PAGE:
Also, a healthy diet helps combat this cell damage, which is why eating antioxidant-rich foods like whole grains, fresh fruits and vegetables, legumes, and nuts is advised. There's yet another benefit of restricting our food intake, it controls our weight, which also adds years to our lives.

No Smoking: Very few centenarians have ever smoked. Need we say more? Both smoking and obesity have been linked to life-threatening health problems, including heart disease and cancer. In fact, one recent study suggests that smoking and obesity accelerate human aging by causing damage to telomeres in cells. Telomeres are the tips of chromosomes that contain DNA. While telomeres naturally shorten over a lifetime, as a normal part of the aging process, smoking and obesity speed up that process.

Stress Reduction: Centenarians are better able to handle stress than most other people.

Studies have shown that the stress hormone cortisol dampens the body's immune system, increasing the risk of heart disease, stroke and other life-threatening health problems. Having a strong social support system offsets that risk; so do meditation and prayer, listening to music, and getting a massage.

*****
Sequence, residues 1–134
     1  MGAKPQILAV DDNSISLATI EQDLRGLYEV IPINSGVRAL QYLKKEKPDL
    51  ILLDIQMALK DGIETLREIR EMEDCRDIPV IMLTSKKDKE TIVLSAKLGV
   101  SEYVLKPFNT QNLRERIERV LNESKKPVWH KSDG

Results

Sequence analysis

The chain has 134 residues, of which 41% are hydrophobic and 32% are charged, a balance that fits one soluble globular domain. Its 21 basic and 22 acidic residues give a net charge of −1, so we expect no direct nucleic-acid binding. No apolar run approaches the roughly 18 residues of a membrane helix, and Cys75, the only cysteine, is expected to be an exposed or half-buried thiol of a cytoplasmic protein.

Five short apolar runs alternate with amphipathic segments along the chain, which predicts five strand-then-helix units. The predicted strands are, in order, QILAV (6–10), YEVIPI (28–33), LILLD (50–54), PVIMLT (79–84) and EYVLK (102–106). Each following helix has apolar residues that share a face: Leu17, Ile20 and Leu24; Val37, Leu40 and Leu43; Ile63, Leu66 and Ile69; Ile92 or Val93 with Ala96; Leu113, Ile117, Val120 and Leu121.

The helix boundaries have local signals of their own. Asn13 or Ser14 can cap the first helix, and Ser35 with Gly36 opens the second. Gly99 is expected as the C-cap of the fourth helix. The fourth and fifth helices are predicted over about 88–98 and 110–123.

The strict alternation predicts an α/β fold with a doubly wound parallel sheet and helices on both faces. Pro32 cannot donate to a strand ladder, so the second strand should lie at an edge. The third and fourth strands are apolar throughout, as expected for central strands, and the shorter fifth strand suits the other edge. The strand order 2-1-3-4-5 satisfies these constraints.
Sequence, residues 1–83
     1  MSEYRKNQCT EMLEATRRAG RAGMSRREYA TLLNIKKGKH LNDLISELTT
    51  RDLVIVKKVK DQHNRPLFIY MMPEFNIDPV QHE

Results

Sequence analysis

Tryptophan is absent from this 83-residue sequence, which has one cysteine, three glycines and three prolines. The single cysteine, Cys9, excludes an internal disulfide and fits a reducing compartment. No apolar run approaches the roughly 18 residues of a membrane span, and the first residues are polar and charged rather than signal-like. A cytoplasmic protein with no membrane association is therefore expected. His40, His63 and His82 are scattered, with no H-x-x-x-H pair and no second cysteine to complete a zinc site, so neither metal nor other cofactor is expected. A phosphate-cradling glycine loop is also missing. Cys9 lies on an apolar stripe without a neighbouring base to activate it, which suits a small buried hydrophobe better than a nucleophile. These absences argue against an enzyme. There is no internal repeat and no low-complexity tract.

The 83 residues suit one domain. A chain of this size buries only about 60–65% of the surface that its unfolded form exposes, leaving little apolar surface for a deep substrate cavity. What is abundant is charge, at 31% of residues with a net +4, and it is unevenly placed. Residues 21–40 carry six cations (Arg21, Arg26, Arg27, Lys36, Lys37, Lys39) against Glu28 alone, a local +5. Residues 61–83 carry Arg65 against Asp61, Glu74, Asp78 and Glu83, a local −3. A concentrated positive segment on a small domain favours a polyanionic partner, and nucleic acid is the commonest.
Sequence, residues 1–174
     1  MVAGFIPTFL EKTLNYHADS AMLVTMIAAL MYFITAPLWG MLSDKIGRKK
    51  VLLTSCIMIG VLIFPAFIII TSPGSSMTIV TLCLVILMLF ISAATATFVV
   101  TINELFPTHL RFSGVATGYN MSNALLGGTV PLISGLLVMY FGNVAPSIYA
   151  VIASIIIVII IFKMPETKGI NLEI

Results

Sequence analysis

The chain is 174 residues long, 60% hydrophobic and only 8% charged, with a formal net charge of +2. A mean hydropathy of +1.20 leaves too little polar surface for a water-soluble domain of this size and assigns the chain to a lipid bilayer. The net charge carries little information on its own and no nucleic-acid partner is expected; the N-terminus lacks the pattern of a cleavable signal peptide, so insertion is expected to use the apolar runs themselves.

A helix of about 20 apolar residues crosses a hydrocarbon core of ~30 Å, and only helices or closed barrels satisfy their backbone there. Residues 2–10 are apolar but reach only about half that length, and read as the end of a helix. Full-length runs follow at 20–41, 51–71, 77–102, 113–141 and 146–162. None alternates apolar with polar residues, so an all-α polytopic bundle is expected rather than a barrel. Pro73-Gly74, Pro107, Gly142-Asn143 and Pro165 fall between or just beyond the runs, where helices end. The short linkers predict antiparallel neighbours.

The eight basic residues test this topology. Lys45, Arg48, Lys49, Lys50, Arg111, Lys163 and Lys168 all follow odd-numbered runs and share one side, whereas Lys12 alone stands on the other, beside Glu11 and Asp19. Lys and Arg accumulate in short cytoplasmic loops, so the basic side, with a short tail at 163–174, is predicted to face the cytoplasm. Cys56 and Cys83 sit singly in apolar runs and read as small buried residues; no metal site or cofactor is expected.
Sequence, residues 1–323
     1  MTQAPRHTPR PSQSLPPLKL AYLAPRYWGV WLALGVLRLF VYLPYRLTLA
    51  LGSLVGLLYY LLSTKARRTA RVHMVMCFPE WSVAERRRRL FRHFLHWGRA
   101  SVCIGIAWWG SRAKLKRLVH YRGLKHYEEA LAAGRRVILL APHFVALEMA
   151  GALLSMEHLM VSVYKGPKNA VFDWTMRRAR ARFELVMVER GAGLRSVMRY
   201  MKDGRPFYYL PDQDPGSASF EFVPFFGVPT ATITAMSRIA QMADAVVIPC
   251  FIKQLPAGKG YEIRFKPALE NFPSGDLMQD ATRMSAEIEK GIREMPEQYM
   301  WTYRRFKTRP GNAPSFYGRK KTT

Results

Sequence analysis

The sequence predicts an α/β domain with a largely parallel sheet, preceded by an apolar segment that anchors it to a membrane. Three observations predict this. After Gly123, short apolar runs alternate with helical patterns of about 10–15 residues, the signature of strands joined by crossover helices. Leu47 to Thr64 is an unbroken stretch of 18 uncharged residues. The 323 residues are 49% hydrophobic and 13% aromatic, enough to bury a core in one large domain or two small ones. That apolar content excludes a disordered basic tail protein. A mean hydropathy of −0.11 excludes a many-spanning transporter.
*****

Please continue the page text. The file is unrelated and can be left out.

A strong spirituality is part of this coping mechanism, explains Eisdorfer. "We humans don't deal very well with ambiguity and unpredictability, and faith gives us a sense of order and organization in the universe. Studies show that having faith helps relieve stress - a belief that things will work out, that you will get help when you need it."

Optimism: Centenarians have a good sense of humor and an ability to put things in perspective. They also have more reasons for living, says Butler. "People who continue to have goals in life live longer. Having a goal reflects a positive, optimistic attitude, which gives them reason to get up in the morning, a real purpose in life. Those who had purpose are the ones that lived the longest."

This optimism is the spark to stretch one's mind, notes Eisdorfer. "Every spring, we pick up the newspaper and see that some 80- or 90-year-old has graduated from college. That shouldn't be unique. We need to get rid of this 'one gas tank' theory of aging. It's never too late to start something new."